In Enchanter's Nightshade, Bridge presents her reader with a ‘period piece’ of Italian provincial society and distributes our sympathies over a surprising range of characters, several of whom touch on individual tragedies. The lovely ‘Enchantress’ in the late thirties; the little English governess in the early twenties, full of Oxford enthusiasms; the ardent youth, Giulio; Marietta, that delightful child, puzzling over the problems into which she is plunged by the disaster which overtakes her beloved English instructress; the old Marchesa, whose hundredth birthday looms all through the book; above all perhaps the wise, patient Swiss governess - all these in turn claim our affection or our pity.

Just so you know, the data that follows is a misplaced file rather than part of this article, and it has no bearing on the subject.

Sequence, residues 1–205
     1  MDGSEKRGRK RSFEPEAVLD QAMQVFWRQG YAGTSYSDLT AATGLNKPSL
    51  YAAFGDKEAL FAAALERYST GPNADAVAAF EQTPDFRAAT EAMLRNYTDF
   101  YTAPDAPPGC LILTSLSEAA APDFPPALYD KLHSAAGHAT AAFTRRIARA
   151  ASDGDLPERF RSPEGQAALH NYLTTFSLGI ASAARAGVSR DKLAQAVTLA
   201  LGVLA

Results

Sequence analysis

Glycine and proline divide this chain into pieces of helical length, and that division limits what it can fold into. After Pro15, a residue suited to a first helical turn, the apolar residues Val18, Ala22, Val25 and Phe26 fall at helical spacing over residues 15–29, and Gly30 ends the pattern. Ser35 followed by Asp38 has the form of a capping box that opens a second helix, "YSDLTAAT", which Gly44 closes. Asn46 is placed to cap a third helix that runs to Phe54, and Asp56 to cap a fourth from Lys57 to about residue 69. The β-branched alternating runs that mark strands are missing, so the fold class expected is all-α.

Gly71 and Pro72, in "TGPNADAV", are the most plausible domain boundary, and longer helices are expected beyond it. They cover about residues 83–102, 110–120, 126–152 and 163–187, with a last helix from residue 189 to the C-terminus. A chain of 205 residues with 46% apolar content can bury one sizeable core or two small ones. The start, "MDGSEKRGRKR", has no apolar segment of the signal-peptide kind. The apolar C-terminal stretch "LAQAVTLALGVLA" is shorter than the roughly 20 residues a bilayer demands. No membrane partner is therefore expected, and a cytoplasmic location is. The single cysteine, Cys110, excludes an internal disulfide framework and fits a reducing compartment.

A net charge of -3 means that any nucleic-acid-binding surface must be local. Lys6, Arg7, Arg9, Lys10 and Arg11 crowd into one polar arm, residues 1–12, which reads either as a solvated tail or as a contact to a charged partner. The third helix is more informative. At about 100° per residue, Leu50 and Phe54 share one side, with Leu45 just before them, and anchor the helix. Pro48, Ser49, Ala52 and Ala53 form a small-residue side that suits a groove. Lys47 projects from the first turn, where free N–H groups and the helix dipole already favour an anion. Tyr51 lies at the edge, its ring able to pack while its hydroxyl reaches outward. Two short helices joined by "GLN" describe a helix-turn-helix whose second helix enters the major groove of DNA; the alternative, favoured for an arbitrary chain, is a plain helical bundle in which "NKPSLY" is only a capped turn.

Ann Bridge shows here an intensity of feeling and a dramatic power which may come as a surprise after the gentle restraint of her earlier books. But for all the characters who are capable of forging happiness for themselves, the doors open, at the end, on possibilities of future contentment.
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